Adding a custom Memristor object to Nengo

I am working on incorporating some custom code for learning using memristors into the Nengo backend, as groundwork for implementation into NengoDL.

My focus is on efficiency, as my current code running in a Node really does not scale well with the pre and post number of neurons.
The reason for this is that I’m simulating a full matrix of memristors, one for each (pre-post) neuron pair, and updating this at each timestep, as can be seen in the following snippet:

    # create memristor array that implement the weights
    self.memristors = np.empty( (self.output_size, self.input_size), dtype=Memristor )
    for i in range( self.output_size ):
        for j in range( self.input_size ):
            self.memristors[ i, j ] = self.memristor_model( seed=seed, voltage_converter=self.voltage_converter,
                                                            base_voltage=self.base_voltage, gain=self.gain )
            self.weights[ i, j ] = self.memristors[ i, j ].get_state()

My custom learning rules check for spikes and updates the corresponding memristors:

    # we only need to update the weights for the neurons that spiked so we filter for their columns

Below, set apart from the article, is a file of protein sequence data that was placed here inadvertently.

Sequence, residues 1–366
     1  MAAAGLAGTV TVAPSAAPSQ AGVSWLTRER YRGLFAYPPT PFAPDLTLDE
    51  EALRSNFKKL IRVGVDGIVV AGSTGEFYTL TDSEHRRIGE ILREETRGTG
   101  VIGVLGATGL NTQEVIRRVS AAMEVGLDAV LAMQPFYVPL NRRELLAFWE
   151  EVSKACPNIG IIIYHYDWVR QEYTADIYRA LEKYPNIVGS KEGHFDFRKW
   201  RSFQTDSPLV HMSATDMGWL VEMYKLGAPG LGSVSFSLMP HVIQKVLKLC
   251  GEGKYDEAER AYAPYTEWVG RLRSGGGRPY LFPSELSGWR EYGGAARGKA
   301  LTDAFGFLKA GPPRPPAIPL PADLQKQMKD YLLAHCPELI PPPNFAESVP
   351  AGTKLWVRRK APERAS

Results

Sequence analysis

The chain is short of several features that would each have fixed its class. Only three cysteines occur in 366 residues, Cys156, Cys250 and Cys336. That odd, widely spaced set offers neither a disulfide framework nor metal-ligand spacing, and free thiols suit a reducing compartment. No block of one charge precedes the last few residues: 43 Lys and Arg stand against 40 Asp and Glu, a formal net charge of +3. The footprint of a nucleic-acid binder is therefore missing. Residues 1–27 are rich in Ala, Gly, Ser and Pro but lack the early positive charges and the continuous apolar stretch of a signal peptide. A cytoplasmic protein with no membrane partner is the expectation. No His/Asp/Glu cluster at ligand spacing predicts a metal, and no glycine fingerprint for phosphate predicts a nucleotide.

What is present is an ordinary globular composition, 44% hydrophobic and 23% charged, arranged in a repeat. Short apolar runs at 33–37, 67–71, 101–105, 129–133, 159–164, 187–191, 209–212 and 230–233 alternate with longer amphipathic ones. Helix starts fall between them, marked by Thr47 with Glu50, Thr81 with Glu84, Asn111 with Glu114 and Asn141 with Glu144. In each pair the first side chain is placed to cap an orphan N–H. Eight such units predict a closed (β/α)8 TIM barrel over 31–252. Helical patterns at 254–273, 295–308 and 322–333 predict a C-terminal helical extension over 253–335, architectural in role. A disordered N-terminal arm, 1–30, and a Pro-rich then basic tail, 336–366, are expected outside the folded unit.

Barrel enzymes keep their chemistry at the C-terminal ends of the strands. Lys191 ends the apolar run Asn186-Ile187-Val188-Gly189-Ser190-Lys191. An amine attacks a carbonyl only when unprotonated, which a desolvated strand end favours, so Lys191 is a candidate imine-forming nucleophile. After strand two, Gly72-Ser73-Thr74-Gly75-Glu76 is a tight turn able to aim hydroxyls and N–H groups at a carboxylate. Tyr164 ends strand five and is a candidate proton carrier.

if spiked_map.any():
        for j, i in np.transpose( np.where( spiked_map ) ):
            update = self.memristors[ j, i ].pulse( signal[ j, i ] )
            # update = update if update >=
            self.weights[ j, i ] = update

I think I’m quite clear on the build process but I’m not sure of how much simply moving my code to a custom LearningRule could improve the running time, as using a Node and simulating 30 seconds with 100 pre/post neurons takes around one hour.

I was thus wondering if adding a new Memristor object type to Nengo could help. I would imitate the Neurons and Ensemble implementations to have an object representing a vector of memristors whose current resistances are kept track in a Signal, exactly how it is done for the voltage and refractory time of LIF neurons.
Would implementing this new Memristor object (that inherits from FrozenObject) in such a way help the efficiency? I was thinking that this way I could take advantage of the scheduler and optimiser in the Simulator.